Following a legal battle in Miami over his bond, former Premier Andrew Fahie was released from custody Monday after Virgin Islands businessman Albion “Bobby” Hodge posted a $500,000 corporate surety bond on his behalf. (Screenshot: JOEY WALDINGER)

Former Premier Andrew Fahie was released from the Federal Detention Center in Miami on Monday pending his trial after his lawyer and prosecutors argued over his bond for more than a month, according to the United States Bureau of Prisons website.

Mr. Fahie’s hearing and release came after Albion “Bobby” Hodge, a prominent Virgin Islands businessman and Mr. Fahie’s childhood friend, last Thursday agreed to post his $500,000 corporate surety bond and satisfy that bond’s Nebbia requirement by proving the money was not the proceeds of crime.

Besides the corporate surety bond — which also requires Mr. Fahie to undergo 24-hour GPS monitoring, sign an extradition waiver, and refrain from leaving his daughters’ Miami apartment even for attorney visits — Judge Kathleen Williams also ordered a $500,000 personal surety bond to be co-signed by Mr. Fahie, his daughter and a friend.

Mr. Fahie signed the extradition waiver on Monday.

His release the same day culminated a drawn-out legal battle over his bond conditions.

US prosecutors had argued that Mr. Fahie would likely flee and pose a danger to the community if released. But Theresa Van Vliet, Mr. Fahie’s lawyer, insisted that Mr. Fahie would in fact appear in court, further contending that the prosecutors’ argument was based on unfounded, sometimes inconsistent, allegations.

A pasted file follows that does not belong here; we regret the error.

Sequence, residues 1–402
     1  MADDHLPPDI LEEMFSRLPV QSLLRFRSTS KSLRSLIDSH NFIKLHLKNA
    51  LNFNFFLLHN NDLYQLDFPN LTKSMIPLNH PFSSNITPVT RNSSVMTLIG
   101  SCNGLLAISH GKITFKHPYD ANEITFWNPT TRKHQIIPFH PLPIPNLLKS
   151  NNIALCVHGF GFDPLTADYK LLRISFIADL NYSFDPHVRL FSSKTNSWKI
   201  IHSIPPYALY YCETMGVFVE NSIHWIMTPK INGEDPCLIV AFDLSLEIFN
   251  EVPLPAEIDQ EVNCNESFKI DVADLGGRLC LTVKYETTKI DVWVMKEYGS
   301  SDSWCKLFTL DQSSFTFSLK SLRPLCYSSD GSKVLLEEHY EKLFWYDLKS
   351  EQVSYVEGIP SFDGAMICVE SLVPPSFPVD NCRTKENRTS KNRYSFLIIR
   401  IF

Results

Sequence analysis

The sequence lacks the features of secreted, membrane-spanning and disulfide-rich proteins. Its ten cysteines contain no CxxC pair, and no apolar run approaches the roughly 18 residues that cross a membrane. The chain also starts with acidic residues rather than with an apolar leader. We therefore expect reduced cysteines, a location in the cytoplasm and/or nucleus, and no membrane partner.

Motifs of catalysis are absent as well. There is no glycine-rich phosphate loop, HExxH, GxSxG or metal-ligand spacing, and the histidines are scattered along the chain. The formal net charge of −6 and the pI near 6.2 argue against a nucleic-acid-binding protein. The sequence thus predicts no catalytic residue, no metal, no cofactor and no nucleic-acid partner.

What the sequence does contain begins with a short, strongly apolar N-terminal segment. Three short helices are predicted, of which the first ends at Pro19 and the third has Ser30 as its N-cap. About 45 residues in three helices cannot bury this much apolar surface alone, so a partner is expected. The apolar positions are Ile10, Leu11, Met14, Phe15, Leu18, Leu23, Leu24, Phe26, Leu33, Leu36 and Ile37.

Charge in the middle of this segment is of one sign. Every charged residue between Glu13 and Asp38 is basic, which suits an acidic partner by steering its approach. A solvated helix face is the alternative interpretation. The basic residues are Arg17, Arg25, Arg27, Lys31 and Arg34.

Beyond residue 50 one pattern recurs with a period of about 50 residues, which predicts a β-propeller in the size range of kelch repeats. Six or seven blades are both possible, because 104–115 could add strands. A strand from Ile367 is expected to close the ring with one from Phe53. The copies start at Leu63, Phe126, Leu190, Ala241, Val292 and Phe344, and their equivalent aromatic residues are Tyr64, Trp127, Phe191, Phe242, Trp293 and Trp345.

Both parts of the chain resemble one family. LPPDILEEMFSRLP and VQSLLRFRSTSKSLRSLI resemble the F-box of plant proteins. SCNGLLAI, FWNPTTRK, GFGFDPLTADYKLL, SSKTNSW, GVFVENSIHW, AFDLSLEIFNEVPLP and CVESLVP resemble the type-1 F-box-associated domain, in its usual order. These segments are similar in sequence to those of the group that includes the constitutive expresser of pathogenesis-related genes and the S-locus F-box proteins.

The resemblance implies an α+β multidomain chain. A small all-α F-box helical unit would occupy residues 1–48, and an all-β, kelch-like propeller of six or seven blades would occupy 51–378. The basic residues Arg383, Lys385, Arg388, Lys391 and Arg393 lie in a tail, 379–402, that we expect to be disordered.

Neither Mr. Fahie nor Ms. Van Vliet responded to requests for comment this week.

Hodge affidavit

In an affidavit dated last Thursday, Mr. Hodge stated that his wealth, which he estimated to exceed $30 million, comes from business holdings including villas and hotels, the drinking water company BVI Spring Water, the ferry company Caribbean Maritime Excursions, a Hertz rental car franchise, and a company supplying oxygen to hospitals and medical facilities.

In the affidavit, Mr. Hodge also explained that CME is a USVI-registered company owned by the VI-registered holding company Road Town Fast Ferry Services LTD, which is the titled owner of one or more vessels operated in connection with the entity’s ferry services.

Mr. Hodge added that “the six vessels range from 50-100 feet in length” and can carry between 49 and 315 passengers.

He also said that he purchased the first ferry boat with help from his late brother Stanley, paying approximately $350,000.

While Mr. Hodge used proceeds from the water business and Hertz franchise to “fund the initial acquisition,” his brother used revenue from his hotel and restaurant businesses — Stanley’s Welcome Bar, Stanley’s Welcome Villas, and Carrie’s Comfort Inn — which Mr. Hodge inherited after his brother’s death, according to the affidavit.

Roxane Sylvester

Additionally, Mr. Hodge wrote that he has never been married to Roxane Sylvester, though he didn’t explain why he included this detail.

Ms. Sylvester is the former deputy chairwoman of the BVI Ports Authority.

She has not been named in the US proceedings, but BVIPA Managing Director Oleanvine Maynard was arrested the same day as Mr. Fahie in Miami and hit with the same charges.

Attempts to reach Mr. Hodge and Ms. Sylvester were not immediately successful.